Ehd time again?

Discussion in 'Whitetail Management' started by loneranger, Aug 7, 2019.

  1. Hardwood11

    Hardwood11 Well-Known Member

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    That is scary. Hard to figure out why Warren has been hit so hard?
     
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  3. IowaBowHunter1983

    IowaBowHunter1983 Super Moderator Staff Member

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    Good info but the DNR reported numbers are not even close to reality. 75%+ kill off in warren is a real possibility.
     
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  4. BJohnson

    BJohnson Well-Known Member

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    that would be a devastating result if that materializes - wow.
     
  5. spencer52356

    spencer52356 Member

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    So what's so different about Warren County this year? Why is it getting hit the hardest? If we could only answer these questions then maybe a solution could be determined. I really feel for the landowners and hunters in these areas.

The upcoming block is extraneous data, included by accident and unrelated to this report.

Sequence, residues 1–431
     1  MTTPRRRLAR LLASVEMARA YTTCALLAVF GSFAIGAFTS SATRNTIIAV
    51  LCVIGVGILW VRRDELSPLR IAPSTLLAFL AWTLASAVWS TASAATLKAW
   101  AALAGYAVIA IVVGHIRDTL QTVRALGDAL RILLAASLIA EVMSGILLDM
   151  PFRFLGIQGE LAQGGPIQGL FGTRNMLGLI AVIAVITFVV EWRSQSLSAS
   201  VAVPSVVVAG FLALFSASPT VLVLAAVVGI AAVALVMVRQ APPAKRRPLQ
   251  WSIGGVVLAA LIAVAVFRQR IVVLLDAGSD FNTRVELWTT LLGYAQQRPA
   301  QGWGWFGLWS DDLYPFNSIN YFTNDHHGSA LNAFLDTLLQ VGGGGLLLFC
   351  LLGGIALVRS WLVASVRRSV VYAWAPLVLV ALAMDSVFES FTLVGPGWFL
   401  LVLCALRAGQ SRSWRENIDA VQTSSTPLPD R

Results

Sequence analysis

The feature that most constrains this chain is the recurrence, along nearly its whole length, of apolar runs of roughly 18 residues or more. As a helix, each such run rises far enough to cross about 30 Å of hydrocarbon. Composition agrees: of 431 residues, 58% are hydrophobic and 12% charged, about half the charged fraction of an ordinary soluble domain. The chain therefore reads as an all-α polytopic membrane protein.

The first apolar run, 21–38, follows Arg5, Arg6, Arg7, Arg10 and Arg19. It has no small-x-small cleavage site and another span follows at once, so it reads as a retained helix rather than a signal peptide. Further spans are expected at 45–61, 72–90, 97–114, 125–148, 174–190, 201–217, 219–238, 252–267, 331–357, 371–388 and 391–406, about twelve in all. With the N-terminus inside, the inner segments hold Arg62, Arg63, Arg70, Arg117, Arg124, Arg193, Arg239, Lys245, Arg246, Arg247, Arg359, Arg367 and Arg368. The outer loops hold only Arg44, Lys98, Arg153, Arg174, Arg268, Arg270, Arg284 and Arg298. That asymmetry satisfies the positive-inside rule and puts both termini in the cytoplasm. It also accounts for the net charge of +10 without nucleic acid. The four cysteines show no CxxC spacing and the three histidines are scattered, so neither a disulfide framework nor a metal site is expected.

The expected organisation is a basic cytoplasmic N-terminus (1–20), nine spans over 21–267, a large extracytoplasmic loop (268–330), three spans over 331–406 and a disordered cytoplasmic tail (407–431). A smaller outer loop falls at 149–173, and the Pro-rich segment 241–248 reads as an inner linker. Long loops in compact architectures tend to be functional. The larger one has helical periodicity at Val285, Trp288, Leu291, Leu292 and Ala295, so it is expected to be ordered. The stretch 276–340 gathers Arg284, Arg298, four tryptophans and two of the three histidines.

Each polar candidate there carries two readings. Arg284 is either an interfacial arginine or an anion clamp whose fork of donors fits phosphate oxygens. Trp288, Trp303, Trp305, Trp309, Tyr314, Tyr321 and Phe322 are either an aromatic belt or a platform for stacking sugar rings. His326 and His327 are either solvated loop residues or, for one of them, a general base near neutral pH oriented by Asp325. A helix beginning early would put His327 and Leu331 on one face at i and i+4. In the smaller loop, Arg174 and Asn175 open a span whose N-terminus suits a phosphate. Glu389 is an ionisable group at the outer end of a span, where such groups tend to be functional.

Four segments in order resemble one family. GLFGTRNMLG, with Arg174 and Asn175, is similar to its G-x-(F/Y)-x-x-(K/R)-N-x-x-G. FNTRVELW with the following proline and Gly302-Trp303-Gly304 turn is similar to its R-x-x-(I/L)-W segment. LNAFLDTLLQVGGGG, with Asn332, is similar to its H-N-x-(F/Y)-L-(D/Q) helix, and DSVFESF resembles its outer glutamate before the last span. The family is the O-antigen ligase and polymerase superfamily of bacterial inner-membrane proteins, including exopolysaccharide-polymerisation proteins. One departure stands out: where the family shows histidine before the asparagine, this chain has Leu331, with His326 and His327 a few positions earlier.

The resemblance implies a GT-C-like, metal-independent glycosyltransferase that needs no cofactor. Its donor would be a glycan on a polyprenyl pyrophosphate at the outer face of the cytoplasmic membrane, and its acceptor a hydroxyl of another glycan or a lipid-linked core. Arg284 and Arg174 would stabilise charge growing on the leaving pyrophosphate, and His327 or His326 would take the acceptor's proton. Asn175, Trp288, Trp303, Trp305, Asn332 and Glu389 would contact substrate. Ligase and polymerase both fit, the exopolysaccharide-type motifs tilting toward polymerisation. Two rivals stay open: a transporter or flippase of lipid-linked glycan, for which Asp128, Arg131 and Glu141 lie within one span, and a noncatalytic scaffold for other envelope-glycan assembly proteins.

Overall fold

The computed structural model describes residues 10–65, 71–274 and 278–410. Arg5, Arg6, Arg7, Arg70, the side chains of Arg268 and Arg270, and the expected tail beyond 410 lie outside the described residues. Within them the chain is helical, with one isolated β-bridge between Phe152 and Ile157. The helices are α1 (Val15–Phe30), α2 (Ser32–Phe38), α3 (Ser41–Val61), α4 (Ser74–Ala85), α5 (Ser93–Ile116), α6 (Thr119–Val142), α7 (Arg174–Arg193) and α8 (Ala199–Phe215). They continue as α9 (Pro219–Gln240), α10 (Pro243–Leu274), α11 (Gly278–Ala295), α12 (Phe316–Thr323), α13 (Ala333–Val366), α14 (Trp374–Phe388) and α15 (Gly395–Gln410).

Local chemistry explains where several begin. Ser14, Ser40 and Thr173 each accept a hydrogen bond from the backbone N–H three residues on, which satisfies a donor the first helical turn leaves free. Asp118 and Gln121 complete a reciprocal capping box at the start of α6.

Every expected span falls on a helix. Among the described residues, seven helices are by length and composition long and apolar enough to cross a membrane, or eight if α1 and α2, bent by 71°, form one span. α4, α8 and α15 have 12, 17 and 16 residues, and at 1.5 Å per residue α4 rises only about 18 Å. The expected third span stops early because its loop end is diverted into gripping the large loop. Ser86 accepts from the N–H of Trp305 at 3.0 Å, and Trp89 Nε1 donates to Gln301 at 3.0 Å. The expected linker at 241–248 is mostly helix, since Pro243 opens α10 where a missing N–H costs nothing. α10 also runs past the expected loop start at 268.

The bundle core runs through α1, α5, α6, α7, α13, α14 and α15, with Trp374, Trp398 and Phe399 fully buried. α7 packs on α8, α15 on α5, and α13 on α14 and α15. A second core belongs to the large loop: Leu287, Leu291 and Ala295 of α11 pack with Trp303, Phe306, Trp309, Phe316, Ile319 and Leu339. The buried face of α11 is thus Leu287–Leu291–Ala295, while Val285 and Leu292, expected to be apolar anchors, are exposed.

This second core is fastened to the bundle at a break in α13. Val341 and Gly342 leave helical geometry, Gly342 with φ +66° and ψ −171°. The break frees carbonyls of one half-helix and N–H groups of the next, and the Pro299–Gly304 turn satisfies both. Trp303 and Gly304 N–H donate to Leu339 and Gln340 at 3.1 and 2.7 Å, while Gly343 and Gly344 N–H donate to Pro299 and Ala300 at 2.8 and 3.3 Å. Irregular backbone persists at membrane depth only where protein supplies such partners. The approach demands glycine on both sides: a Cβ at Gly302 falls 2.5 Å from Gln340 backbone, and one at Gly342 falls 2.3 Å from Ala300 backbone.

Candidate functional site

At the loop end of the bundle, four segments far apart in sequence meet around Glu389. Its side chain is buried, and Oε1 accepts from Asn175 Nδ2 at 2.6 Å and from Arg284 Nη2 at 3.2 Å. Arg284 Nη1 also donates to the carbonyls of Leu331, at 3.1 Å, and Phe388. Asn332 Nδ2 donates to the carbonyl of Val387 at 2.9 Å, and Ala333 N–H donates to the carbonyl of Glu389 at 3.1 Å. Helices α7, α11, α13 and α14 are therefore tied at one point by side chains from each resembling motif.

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  6. IowaBowHunter1983

    IowaBowHunter1983 Super Moderator Staff Member

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    One guy finds 20 in a 3 mile stretch of river this weekend. Talk to another in the know source and deer are straight up GONE. I'd be surprised if the number isn't over 2,000 already. Talk to another guy that doesn't want to leave his house cuz smell is so bad.

    Madison lost 85% on 2012 in many parts. Warren well on it's way in 2019 with many other highly impacted counties.

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  7. hillrunner

    hillrunner PMA Member

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    Ouch, that would be deflating. Is the die off about over now or will this continue till it freezes?
     
  8. IowaBowHunter1983

    IowaBowHunter1983 Super Moderator Staff Member